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The start of a summer of sport


Dr Richard Medcalf, Director of the University of Wolverhampton's Institute of Human Sciences, reflects on the summer of sport ahead.

Sport and physical activity have become central to government policy making over the past 18 months with a renewed appreciation of the health benefits of exercise and time spent outdoors. 

We have seen how people’s physical activity behaviours have changed, and for many of us our relationship with sport has evolved as the pandemic has taken various turns. We have also seen how social inequalities have been exacerbated over the course of the COVID-19 pandemic, with health equity being the focus of ‘Build Back Fairer; the COVID-19 Marmot Review’. The critical role of the leisure industries as part of our recovery (and the ‘levelling up’ agenda) cannot be underestimated.  

The impact of major events on our wellbeing and on the economy has also now come into focus.

In the coming month we have the culmination of Euro 2020 at Wembley, the Wimbledon tennis championships, Formula 1 comes to Silverstone and the Olympic Games will begin in Tokyo. All of these major events come at a time when it looks like social restrictions will be eased whilst case numbers continue to increase.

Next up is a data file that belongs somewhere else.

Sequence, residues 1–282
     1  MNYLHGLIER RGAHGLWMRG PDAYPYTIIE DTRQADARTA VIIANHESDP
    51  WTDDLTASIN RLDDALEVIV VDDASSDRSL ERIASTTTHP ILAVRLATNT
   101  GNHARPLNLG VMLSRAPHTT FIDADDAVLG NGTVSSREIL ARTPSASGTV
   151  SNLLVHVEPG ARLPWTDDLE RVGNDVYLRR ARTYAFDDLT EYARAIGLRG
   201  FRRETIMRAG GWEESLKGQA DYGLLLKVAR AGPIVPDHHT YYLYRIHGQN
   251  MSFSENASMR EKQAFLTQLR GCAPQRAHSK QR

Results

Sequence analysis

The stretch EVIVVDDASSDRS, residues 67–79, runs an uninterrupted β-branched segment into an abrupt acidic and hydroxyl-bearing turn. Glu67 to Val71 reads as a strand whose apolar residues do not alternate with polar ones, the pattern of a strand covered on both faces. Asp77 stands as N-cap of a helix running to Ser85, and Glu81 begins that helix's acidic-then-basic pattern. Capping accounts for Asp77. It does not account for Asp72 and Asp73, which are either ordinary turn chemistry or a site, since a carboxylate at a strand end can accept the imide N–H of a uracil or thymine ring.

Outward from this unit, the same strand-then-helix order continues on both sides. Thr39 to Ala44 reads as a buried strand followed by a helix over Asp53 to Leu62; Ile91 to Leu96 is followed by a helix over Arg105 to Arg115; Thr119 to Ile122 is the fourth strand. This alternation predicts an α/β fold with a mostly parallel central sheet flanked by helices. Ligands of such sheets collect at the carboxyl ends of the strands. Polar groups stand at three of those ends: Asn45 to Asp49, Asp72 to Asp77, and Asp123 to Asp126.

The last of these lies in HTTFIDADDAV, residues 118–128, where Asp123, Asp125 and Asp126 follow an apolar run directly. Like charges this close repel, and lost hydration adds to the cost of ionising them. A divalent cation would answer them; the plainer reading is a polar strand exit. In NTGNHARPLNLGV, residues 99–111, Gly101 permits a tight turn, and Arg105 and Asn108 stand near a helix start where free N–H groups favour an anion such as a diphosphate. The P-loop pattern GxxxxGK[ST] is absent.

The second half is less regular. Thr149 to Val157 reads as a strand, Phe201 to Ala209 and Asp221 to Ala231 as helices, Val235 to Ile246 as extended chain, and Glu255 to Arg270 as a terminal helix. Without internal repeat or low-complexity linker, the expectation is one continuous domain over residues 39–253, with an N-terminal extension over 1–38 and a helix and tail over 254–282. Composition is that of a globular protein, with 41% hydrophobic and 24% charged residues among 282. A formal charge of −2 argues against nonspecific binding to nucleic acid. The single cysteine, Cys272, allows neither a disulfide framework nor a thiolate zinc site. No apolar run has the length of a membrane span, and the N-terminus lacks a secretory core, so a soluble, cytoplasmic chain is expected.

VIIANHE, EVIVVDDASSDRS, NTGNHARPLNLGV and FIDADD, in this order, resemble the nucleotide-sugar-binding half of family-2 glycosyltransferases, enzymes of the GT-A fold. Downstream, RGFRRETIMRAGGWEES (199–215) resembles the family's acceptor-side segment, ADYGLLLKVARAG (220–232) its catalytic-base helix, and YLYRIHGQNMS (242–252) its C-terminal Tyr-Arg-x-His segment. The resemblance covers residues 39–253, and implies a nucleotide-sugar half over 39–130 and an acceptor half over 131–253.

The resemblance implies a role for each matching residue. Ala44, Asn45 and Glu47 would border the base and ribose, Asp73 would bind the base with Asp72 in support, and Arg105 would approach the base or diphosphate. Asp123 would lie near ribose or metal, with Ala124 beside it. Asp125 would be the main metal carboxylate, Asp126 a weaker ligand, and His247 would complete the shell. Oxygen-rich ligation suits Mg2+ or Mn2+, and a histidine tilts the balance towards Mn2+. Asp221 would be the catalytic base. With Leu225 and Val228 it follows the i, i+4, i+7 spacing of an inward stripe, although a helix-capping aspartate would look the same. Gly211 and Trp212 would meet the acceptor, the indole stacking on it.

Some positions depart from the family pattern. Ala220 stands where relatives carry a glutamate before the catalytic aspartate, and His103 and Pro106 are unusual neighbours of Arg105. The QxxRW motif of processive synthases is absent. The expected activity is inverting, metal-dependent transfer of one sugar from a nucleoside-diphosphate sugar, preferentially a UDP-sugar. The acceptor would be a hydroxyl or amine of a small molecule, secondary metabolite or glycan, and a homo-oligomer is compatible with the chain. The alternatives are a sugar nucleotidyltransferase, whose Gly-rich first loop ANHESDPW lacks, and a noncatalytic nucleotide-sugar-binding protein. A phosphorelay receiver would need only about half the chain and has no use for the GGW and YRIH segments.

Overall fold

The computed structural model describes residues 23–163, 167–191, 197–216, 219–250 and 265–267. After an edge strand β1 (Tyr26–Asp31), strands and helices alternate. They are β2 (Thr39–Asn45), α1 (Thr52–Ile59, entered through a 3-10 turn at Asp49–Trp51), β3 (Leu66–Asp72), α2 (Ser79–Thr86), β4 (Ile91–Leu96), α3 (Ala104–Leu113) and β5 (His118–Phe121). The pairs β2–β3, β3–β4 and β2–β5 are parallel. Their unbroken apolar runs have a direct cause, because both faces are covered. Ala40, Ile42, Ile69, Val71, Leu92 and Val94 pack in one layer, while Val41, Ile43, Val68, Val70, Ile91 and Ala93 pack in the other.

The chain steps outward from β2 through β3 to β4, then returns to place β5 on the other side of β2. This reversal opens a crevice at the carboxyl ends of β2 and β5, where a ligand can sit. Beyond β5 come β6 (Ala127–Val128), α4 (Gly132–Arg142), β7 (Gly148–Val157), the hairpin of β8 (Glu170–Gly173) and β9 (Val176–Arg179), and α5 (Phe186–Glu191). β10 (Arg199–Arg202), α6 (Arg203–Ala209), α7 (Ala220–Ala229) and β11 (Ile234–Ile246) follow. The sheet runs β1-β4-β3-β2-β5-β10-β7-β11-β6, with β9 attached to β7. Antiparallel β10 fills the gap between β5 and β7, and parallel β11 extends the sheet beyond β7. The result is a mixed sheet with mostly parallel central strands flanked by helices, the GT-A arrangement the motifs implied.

It has become clear that the ‘Event Research Programme’ has sought to transcend any Public Health concerns that come with a loosening of restrictions alongside the needs of the economy and the wish that many of us have for the social interaction that comes with being a spectator of sport. 

We know a lot about the relationship between our place and the opportunities we have to be active (see the Active Black Country insight hub); participating in physical activity has unquestionable health benefits but isn’t without significant barriers for many people.  Spectating is also a social construct and the place of elite sport in society is a complex relationship.

These themes cut across many of the topics that we teach and research in higher education sports courses; the management and impact of major sporting events, the adaptations in the body as a response to exercise, the impact of world-class coaching and management on football performance, the importance of recovery for athletes, or the influence of the return of large crowds in stadium and how that might influence performance. 

Against this backdrop we have seen a real spike in interest in our sports courses at the University. If you’re interested in studying sport visit  

For more information please contact the Corporate Communications Team.

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